A decade on from the global financial crisis and the German-led austerity response, which was so punitive to the South of Europe, the leaders of the EU countries have decisively changed tack. The tax rises and budget cuts that led to an anaemic economic recovery, and debt crisis, are out, while Keynesian fiscal stimulus is firmly in vogue.
Since the Q1 coronavirus sell-off, EU nations have announced a remarkable EUR 2.64tn in stimulus: EUR 1.35tn of bond buying in the Pandemic Emergency Purchase Programme, EUR 540bn of short-term stimulus in April, and, finally, the EUR 750bn Recovery Fund, agreed on Monday.
The Recovery Fund, could prove to be a game changer. For the first time the EU is to issue its own debt, repayable by 2058, distributing EUR 390bn as grants to countries most in need and a further EUR 360bn as loans. While the amounts were watered down from those first announced in the surprise Merkel-Macron press conference in May, opposition from the so-called ‘frugal four’ countries was fairly muted, although they won some modest EU budget concessions during an intense negotiation period.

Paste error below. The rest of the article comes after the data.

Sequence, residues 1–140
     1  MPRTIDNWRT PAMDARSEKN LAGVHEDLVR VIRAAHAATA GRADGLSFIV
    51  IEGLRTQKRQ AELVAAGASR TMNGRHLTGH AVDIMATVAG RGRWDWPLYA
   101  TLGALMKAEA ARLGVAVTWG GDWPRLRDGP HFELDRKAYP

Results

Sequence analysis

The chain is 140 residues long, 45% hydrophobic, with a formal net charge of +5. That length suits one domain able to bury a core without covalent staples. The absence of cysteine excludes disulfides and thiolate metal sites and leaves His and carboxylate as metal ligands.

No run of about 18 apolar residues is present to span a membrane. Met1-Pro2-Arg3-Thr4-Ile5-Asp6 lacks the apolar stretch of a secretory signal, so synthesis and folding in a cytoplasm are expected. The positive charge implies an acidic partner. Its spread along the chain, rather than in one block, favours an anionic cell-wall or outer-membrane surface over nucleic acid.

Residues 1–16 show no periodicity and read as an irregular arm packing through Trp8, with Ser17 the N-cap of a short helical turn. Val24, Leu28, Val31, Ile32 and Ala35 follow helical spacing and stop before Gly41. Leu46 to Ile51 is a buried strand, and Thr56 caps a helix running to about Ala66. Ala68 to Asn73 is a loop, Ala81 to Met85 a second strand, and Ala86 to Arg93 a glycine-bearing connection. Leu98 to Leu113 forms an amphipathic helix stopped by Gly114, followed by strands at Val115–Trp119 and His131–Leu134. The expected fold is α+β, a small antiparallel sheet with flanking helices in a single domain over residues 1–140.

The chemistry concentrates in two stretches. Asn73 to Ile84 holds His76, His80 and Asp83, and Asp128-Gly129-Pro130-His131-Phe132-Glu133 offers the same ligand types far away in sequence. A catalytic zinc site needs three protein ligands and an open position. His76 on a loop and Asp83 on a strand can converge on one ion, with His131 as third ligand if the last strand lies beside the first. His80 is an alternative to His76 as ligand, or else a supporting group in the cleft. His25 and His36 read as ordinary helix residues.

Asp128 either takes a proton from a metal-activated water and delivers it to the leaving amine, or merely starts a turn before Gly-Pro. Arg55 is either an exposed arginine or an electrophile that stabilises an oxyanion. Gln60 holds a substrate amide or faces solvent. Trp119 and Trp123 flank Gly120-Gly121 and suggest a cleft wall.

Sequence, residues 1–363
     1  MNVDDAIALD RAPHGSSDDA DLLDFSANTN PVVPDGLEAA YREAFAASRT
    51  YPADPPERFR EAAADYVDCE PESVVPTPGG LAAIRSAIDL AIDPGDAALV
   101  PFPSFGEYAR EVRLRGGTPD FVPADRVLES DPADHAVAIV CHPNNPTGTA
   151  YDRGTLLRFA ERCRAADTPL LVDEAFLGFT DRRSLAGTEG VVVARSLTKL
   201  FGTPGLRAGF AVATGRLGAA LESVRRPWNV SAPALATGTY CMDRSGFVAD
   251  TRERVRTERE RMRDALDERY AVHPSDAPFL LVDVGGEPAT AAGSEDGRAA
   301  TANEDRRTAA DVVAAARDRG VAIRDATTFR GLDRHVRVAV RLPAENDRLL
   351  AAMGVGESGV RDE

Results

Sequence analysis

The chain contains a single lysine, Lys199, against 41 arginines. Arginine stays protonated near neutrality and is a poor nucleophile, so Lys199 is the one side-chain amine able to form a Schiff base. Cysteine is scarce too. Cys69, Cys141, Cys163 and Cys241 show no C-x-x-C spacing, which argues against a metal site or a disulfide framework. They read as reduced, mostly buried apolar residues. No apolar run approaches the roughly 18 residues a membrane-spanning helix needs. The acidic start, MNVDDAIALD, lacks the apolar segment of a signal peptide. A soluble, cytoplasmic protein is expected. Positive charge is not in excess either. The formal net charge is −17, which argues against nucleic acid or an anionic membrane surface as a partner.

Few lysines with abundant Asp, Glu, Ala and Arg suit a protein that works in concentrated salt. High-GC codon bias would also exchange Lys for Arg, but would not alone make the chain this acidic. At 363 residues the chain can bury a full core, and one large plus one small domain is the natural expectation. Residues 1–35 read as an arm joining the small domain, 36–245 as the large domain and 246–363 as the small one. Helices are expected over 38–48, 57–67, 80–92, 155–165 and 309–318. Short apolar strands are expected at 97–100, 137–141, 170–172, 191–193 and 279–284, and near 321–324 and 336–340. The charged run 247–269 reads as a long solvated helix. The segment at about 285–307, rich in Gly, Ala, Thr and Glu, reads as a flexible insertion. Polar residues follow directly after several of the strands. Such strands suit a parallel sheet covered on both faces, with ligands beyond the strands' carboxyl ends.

The issuance of grants, effectively a transfer of wealth from the more solvent nations to their indebted neighbours, is – in political terms – a crossing of the Rubicon moment. Just as quantitative easing (QE) was supposed to be temporary, we can reasonably expect similar coordinated transfers if future stimulus is required to emerge from the coronavirus pandemic.
What sort of programme might this take? A notable element of the Recovery Fund is that 30% must address climate concerns. Across the Atlantic, Joe Biden, the US Presidential candidate, has plans for $2tn in green energy and infrastructure spending, while Christine Lagarde, president of the European Central Bank, said this weekend in an interview with the Financial Times, that she would ‘explore every avenue available in order to combat climate change’. With this in mind, a future package in this guise could be launched if the economic recovery begins to stall.
Brexit negotiations limp on
Almost forgotten in this climate of rising equity markets and tightening periphery bond spreads is the Brexit negotiations with the UK. Talks appear deadlocked once more, with the next round due to start on August 17, and trade talks perhaps being delayed until September. This leaves very little time to reach an agreement before the end of the year, something which is reflected in UK asset prices. The FTSE 100 has been the weakest of all major indices year to date, and sterling is depressed, but interestingly gilts trade at negative yields up to a seven year maturity with much of issuance soaked up by the Bank of England. Talk of the UK being treated as an emerging market nation, by financial markets, appears to be too gloomy, but there is the outside chance it might rally like one if some kind of a consensus is reached with Michel Barnier and his negotiation team later in the autumn.